FOR decades the Soviet Army was cast in the form fixed by the forces which defeated the Nazi invader - seemingly endless ranks of infantry backed by the firepower of tanks and artillery. These men moved slowly but surely under the stiff command of a top-heavy hierarchy.
That great 4 million-man Red Army is now in disarray, divided by the collapse of the Soviet Union, weakened by an economic crisis which makes it impossible to pay for piles of arms and the men to use them. Morale in the ranks is very low, with tens of thousands of officers quitting in search of better living conditions.
Now a new would-be saviour has appeared at the Soviet - now Russian - Army's greatest crisis of confidence. Gen. Pavel Grachev, a young paratroop commander and newly appointed defense minister of Russia, promises to save what was once the world's largest fighting force by radically changing it.
"The establishment and strengthening of the Russian Army is one of the nation's most urgent tasks now," General Grachev told reporters on May 22. "Russia should have an armed force commensurate with its status as a great power." He wants his troops to rely on precision, high-technology weapons, and the military to spend more money on research and less on buying huge quantities of arms. The bloated military bureacracy - the deskmen of the General Staff in Moscow and the ponderous structure of military dis tricts and armies, each with their own command - will be sharply cut back.
In Grachev's vision, the Russian Army will be able to move quickly to defend the long borders of this vast nation. At the core will be "rapid deployment forces" composed of paratroopers, motorized infantry units, and marines able to move by air or helicopter. "Ground troops, deployed along the defense perimeter, will be drastically reduced," backed by reserve forces, Grachev explained in a June 1 interview in the government daily Rossiskiye Vesti.
One Western military attache here compares the Grachev concept to the transformation of the American military after the Vietnam War. In both cases, the military reforms derive from a failure to defeat a more lightly armed but more elusive guerrilla army and from the political and economic consequences of a population no longer willing or able to finance a huge, conscript army.
"One of the major tasks which the Russian Army will face is the prevention of local conflicts and wars," Vice President Alexander Rutskoi, like Grachev a decorated veteran of the Afghan War, wrote in long article on reform published May 22 in the military daily Red Star.
At a four-day conference of military leaders and defense industry chiefs held last week, Grachev said documents have already been drawn up for presentation to Russian President Boris Yeltsin's security council on the reorganization of the ministry and general staff. Grachev is preparing to trim general staff personnel by half, he said.
The Navy and Air Force are to remain largely untouched until 1995, with the huge Army taking on the bulk of the restructuring. The system of military bureaucracy, which divides the armed forces into six geographic commands with regional military district commands under them, is to be eventually eliminated. Instead the Army will be formed into more compact units of corps, consisting of three divisions, very similar to the United States Army's organization.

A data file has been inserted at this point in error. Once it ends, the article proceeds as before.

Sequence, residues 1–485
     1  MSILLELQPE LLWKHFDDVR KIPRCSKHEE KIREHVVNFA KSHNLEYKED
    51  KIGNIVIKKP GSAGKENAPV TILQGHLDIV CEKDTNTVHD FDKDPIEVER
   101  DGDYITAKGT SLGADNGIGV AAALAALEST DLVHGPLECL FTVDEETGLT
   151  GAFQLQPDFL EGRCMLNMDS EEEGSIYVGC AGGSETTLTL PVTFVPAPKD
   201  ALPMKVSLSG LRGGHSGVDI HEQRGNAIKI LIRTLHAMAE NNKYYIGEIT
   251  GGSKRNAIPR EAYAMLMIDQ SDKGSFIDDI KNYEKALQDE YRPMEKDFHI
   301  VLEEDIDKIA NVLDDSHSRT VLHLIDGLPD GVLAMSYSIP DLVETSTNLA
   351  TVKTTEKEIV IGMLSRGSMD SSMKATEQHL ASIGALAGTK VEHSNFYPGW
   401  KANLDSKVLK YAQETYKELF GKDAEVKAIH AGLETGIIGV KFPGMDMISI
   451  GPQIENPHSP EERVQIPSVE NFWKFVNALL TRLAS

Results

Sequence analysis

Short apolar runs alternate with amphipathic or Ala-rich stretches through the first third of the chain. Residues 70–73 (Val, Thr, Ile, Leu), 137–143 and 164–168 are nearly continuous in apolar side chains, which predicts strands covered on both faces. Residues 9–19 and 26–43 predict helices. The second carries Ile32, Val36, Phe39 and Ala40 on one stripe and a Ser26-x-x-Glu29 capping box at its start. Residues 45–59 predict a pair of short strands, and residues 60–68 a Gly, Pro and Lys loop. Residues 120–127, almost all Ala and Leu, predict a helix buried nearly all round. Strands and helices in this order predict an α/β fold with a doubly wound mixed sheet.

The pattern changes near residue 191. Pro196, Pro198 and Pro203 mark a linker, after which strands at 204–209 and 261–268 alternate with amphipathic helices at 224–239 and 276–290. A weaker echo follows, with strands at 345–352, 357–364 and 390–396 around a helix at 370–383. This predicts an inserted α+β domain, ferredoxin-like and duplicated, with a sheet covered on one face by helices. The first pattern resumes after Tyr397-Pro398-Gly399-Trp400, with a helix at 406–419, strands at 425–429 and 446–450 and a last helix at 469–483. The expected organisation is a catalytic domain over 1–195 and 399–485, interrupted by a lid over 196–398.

Grachev emphasizes the need to halt the ruin of the defense industry but also to shift it toward producing better quality weapons, not unlike the so-called "smart weapons" that were key to US victory in the Gulf war. He told an international conference in Moscow on June 1 that the military plans to slash defense orders and to switch to competitive bidding in selecting new weapons. The military, he said, "will be guided by real economic conditions in the republic while forming the Russian armed forces and
equipping them with modern weaponry."
Most defense analysts here favorably greet these ideas as long overdue reforms which have been resisted by Soviet Army General Staff. But some critics say the more important issue is doctrine, defining the purpose of a Russian army.
"The key question is whether they are ready to accept the necessity to move step by step toward real military cooperation with Western Europe, the US, NATO, Japan and Korea," says Sergei Blagovolin, president of the Institute of National Security and Strategic Studies. "Up till now there is no real answer."
Grachev has emphasized a purely defensive strategy for protecting borders. "Russia will regard the dispatch of foreign troops to neighboring states and the build-up of troops and naval forces at its borders as a direct military threat to the republic," he told the conference, according to the official Itar-Tass news agency.
That seems to signal a shift away from regarding the West as the main potential foe, but Grachev so far has avoided saying anything directly on this point. His defense plan says nothing, for example, about the status of nuclear forces, which are largely deployed against the US and its allies. At the May 22 news conference, Grachev clearly stated Russia's intention to remain a nuclear power after the rest of the former Soviet republics relinquish their weapons.
Grachev reiterated the former Soviet pledge never to be the first to use nuclear weapons. He said Russian nuclear weapons "would be used only to ensure sufficient defense if there is a threat from the outside, a threat that cannot be met by political means and by conventional forces." Whether there is an "enemy" or not, Grachev and his backers leave little doubt that the see a renewed Russian Army as key to the restoration of Russia's role as a great power. "Everybody should keep in mind the following," Vice President Rutskoi wrote, "while restoring the Russian Army, we are restoring Great Russia." Part 1 appeared Thursday, June 4.